Q. How did you come upon the story of Isaias Hellman?
A. As a fifth-generation Californian, I grew up knowing that I had a relative who had something to do with Wells Fargo Bank. When I had children of my own, I wanted to find out more about our family history. I took a trip to the California Historical Society in downtown San Francisco, where I was amazed to discover there were dozens of boxes filled with papers about Isaias Hellman, my great great grandfather. Once I started to poke into them, the reporter in me took over. I couldn’t stop digging.
Q. What was the most interesting thing you discovered about Hellman?
A. That he was a Zelig-like character who played an essential, but sometimes hidden role, in the development of the West. As a banker, Hellman worked closely with many of the iconic business figures of the late 19th and 20th centuries, including Collis Huntington, Henry Huntington, Edward Harriman, Meyer Lehman of Lehman Brothers, Harrison Gray Otis of the Los Angeles Times, Edward Doheny and Charles Canfield, two of the largest oil men in the world, and Levi Strauss, the jeans maker. It became clear during my research that Hellman had a magic touch and an astute business sense. People sought him out to help their businesses succeed.
Q. How did you figure out the story of his life?
A. It wasn’t easy. When I started my research, I didn’t even know the names of Hellman’s brothers and sisters or how he got into the banking business. I had to go through thousands of pages of his letters, business correspondence, receipts, and diary entries to develop a timeline of his life. It was like a big puzzle. But there were lots of rewards along the way. I traveled to his birthplace in Reckendorf, Germany, saw where he was born, and took my daughters to visit the graves of their great great great great grandparents. That was a very moving experience. I spent time in some of the most magnificent libraries in the world, including the Bancroft and Huntington libraries.
Genealogy is immensely popular in the United States and I understand why. We are a nation of immigrants and most of us don’t know our own family stories. It is thrilling to look through old censuses, city directories, and newspaper articles to trace family members. The hunt is addictive and every time you uncover a new, small, fact, you feel like you have achieved a major victory.
Q. Was it difficult to remain objective while writing about a relative?
A. No. If Hellman was still alive and I knew him, it would have been hard to write about him. But he is dead and can’t be affected by revelations about his personal or business dealings. Besides, it is not only people’s good qualities that make them interesting, but their shortcomings as well. I tried to draw a portrait of a complex man.
Q. Were there any mysteries you uncovered while writing the book?
A. Yes, and tracking those down were some of the best moments I had in writing the book. I discovered a Hellman who had a son born out of wedlock, a Hellman relative who embezzled hundreds of thousands of dollars and fled to South America, and stories of great fortunes made and lost.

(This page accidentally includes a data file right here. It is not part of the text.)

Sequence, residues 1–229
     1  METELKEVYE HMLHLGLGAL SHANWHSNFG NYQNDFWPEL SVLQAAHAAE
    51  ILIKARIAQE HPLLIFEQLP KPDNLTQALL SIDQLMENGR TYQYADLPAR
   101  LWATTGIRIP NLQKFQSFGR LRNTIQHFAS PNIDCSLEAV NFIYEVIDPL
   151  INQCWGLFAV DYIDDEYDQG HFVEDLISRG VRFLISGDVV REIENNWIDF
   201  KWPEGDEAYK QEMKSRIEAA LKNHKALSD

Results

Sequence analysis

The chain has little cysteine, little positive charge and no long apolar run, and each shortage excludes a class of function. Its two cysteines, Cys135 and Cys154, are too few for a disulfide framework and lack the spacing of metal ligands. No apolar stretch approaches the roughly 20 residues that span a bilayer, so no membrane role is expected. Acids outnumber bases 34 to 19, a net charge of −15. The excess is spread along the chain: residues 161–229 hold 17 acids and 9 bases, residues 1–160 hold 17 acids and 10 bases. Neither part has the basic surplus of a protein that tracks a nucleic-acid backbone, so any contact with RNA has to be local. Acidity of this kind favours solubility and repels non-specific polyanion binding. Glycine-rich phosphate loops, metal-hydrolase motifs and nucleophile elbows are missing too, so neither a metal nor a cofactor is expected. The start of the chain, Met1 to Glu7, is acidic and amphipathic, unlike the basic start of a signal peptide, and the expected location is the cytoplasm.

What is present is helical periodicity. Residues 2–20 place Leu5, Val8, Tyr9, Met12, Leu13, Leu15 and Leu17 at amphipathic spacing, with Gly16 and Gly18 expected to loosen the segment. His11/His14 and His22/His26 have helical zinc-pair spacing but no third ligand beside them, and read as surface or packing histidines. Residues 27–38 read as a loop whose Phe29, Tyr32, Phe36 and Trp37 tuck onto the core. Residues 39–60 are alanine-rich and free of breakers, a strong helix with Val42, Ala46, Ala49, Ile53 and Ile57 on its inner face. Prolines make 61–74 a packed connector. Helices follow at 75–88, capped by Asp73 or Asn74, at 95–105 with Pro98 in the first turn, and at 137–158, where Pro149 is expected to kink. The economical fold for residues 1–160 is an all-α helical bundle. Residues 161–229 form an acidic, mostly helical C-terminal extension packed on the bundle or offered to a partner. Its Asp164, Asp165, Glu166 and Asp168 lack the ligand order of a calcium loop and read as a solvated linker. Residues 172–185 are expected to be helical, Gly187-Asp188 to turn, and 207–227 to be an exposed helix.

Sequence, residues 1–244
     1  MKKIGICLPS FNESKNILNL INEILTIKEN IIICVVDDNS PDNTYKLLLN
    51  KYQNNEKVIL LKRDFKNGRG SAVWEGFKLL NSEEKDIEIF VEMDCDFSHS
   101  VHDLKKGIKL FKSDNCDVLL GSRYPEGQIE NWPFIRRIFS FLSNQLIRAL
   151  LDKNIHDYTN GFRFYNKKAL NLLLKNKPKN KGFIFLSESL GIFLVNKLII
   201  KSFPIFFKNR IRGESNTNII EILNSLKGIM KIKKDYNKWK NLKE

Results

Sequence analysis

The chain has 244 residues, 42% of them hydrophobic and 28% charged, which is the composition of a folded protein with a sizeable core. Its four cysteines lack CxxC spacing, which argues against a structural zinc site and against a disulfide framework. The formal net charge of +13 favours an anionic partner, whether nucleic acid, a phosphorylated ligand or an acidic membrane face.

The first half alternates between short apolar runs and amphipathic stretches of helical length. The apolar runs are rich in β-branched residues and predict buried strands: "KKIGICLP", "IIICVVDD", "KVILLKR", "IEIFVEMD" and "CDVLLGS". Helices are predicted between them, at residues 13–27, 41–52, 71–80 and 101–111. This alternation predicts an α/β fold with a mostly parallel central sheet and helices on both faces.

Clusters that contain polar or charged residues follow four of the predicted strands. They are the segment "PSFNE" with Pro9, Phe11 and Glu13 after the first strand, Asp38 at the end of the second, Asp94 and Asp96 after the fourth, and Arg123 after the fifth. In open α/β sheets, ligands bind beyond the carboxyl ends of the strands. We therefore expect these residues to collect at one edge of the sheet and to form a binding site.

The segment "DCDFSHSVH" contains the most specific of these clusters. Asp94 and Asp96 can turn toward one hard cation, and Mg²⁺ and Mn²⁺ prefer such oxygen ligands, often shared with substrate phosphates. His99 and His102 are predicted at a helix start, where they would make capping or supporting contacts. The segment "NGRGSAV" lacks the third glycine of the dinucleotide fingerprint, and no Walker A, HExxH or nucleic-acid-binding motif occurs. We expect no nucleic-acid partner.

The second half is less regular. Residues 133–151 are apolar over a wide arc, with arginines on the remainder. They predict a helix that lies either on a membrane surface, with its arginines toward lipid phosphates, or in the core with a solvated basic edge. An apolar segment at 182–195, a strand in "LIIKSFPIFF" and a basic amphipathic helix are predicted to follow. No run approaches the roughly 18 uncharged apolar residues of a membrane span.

Q. How did your research change your perceptions of your family?
A. The best part of writing this book was meeting dozens of relatives I never knew existed. The Hellmans lived for generations in Reckendorf, a small German town, but started to leave in the 1840s. Now there are Hellmans all around the world. While I knew lots of Hellman descendants in San Francisco, I didn’t know about the dozens who lived in the Los Angeles area, or those in St. Louis, Portland, New York, and New Orleans. I even tracked down the family of a Hellman born out of wedlock in the 19th century. They live in Iowa and were surprised to hear from me!
Q. Why should people care about Isaias Hellman?
A. Hellman lived in a complicated world, one that offered amazing opportunities, but one that was also consumed by bigotry, prejudice, and violence. He grew up Germany, in a society that mistrusted Jews and passed laws to make sure they did not succeed financially. He moved to a remote corner of the world (pueblo-era Los Angeles) and fought to improve himself and the world around him. Like many people who come to California, Hellman reinvented himself. In that way he mirrors many of the people who live in the West today.
In addition, Hellman played a direct role in the creation of some of the country’s biggest corporations and industries. His actions continue to reverberate today, at Wells Fargo Bank, the Bank of America, in the educational system of the University of California, in the California oil economy, and elsewhere.
Lastly, Hellman represents the great wave of Jews who came to California during the Gold Rush and stayed to transform the frontier into a wealthy and powerful state. The experience of Jews in the West in the 19th century is very different than the history of Jews in other parts of the country. Since California was an unformed society, Jews faced minimal discrimination. They became merchants and politicians and leaders in their communities. It’s a fascinating story that is not well-known.